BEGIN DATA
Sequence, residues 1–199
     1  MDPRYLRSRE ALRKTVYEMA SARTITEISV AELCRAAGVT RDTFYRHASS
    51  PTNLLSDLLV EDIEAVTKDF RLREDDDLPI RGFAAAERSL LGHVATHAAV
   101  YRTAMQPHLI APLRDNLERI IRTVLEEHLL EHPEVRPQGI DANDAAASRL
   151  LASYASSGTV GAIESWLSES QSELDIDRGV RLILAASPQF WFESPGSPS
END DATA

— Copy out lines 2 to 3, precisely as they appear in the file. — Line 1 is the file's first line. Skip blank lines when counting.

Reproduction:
     1  MDPRYLRSRE ALRKTVYEMA SARTITEISV AELCRAAGVT RDTFYRHASS
    51  PTNLLSDLLV EDIEAVTKDF RLREDDDLPI RGFAAAERSL LGHVATHAAV